Designing or renovating kitchen spaces can be complicated work. Before deciding on the materials, colours, types of kitchen furniture, or styling of the cabinet/storage structures, it is important to find a layout that fits your kitchen space. While we spend the most time making delicious meals and dining with families around the kitchen space, it is more than just where you cook and store your food and appliance. Of the many types of kitchen layout we commonly see, how do we decide which one to go about?
In this article, we will uncover 6 standard kitchen layouts that are typically applied to a renovation project. Differentiating factors such as house sizes, budget, needs, wall and floor layout could play an important role when deciding the type of layout you want to adopt for your very own kitchen!
If you want some more inspirations on popular kitchen trends everyone else is talking about, be sure to check out another article we wrote on “ 8 Unique Kitchen Trends You’ll Absolutely Fall in Love With ”.
6 Popular Kitchen Layouts Commonly Used
L shape kitchen Layout
Standalone mostly with the construction of the two walls join together, this kitchen layout forms the “L” shape when viewed from the top. The L-shaped kitchen layout is great for smaller home units with limited kitchen space around the room. It is also a great use of corner space for smaller apartments or open concept homes where it separates the kitchen from the dining or living room area.
U-shape Kitchen Layout
Constructed with 3 adjoining walls shaping like the letter “U”, the U-Shape layout is often chosen when we are working to create a more spacious look within the kitchen area. It serves the need for a more spacious-looking feel where families use the extra space to crunch in more storage units or cabinets in between the utilities or under the shelves. Though this type of layout can be crafted in any kitchen size, it is best when we work with larger kitchens that have a window for natural lighting and the extra room on the side to curve around the space. Although the U-Shaped layout gives the most potential for you to stuff in the extra cabinets, it can also become messy if the planning is not deliberately done. Before you go ahead with implementing this layout, be sure to outline your exact plan and consult with professionals to make it work effectively!
G-Shape Kitchen Layout
A G-shape kitchen layout works quite similarly to a U-shape layout. Instead of having an open space for an island top, the G-shape layout consists of an extra peninsula wall within the kitchen. With the additional wall, it offers even more storage space and countertop surface for those who love to spend quality time cooking a quality meal in their own kitchen. To accommodate the additional peninsula wall, this layout design is most ideal for medium to large-sized kitchens.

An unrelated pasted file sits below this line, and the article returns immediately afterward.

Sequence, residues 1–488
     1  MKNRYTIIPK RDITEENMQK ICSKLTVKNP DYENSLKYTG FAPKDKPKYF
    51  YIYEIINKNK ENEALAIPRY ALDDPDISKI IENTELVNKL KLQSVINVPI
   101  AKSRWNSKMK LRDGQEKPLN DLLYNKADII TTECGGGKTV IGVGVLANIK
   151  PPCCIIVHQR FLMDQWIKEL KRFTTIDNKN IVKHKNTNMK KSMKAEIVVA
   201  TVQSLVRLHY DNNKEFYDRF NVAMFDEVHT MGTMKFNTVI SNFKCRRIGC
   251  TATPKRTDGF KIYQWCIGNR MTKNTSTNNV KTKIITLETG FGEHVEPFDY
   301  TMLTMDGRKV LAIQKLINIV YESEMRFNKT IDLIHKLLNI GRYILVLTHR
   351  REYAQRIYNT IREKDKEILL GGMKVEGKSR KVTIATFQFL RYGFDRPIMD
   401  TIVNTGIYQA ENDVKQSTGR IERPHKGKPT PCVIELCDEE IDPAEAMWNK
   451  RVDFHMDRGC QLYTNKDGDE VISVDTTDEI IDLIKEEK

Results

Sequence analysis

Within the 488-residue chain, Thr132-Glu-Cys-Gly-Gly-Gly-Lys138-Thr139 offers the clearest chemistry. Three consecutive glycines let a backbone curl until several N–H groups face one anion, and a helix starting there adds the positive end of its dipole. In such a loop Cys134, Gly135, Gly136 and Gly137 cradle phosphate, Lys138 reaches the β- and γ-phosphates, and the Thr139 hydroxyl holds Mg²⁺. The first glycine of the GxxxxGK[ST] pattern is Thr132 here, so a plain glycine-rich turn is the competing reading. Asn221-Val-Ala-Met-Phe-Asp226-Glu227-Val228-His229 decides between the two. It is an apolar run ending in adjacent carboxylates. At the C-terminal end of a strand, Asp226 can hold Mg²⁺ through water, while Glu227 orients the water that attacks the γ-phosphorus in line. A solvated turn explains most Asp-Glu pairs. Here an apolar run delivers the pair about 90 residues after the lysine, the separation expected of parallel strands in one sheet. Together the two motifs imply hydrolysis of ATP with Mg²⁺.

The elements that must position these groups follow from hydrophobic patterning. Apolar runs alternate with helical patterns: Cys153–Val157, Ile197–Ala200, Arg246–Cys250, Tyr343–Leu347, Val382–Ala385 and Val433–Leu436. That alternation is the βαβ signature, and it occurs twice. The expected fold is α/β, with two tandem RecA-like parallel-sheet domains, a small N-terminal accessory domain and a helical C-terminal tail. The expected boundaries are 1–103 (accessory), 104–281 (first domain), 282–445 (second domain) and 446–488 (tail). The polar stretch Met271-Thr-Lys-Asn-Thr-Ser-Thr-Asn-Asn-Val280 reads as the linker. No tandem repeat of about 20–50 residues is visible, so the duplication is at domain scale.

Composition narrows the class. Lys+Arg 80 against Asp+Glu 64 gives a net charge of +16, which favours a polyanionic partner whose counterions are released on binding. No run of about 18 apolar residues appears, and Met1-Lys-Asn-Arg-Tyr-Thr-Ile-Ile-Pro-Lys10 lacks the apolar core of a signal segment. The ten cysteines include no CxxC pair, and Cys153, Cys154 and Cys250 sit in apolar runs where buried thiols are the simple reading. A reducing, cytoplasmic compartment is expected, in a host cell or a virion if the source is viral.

One Wall Kitchen Layout
As described through its name, a one-wall kitchen layout is a type of design that is built along one single wall. They are typically found in smaller homes or apartment studios to save cost and floor space. One-wall kitchen layouts are remaining as a popular choice among homeowners who love the open kitchen concept, where you can commonly find counter space, stoves, and cabinets among the wall. This layout also provides a maximal floor space where owners can incorporate an island, dining table, or both right across the kitchen.
Galley Kitchen Layout
Also known as a parallel kitchen, the galley kitchen layout provides two separate long working areas paralleled to one another in a typically larger but narrow room. It is common for people to divide the two workspaces into a dry and wet area for (1) storage units and (2) cooking and cleaning appliances. You will either find this type of kitchen layout connecting to a separate room or a corner at the end of the corridor. Since the galley kitchen layout doesn’t need a lot of floor space to start with, it tends to be ideal for owners who are looking to save construction cost and hence, remodel the area themselves.
Island Kitchen Layout
An island layout is best for a large kitchen when you have more space between the components while walking around without feeling clustered. The set usually comes with a large island/kitchen countertop in the middle of everything for food preparation and serving, where you can move around the area to access different parts of the kitchen very easily. Island kitchens are insanely popular as it combines both functionalities from an L-shaped and galley kitchen layout, but with wider depth and longer spaces. Unlike the narrow feature in a galley design, the island layout usually provides a large enough space for families and guests to sit in for mealtime.
Deciding on a Kitchen Layout for Your Remodelling Project?
Although a fancy island kitchen layout may be the dream of many, it is incredibly important for us to also consider things like kitchen dimension, spacing, dynamics of the room, resell values, remodelling cost before planning out a remodelling project. It will take some time before fully knowing what works best for your very own home but understanding the 6 basic kitchen layouts can definitely be a great start!
If you are located in British Columbia and planning complicated projects, be sure to consult with a professional or send your questions our way . We’d love to help you plan out the essentials for your next remodelling or renovation projects!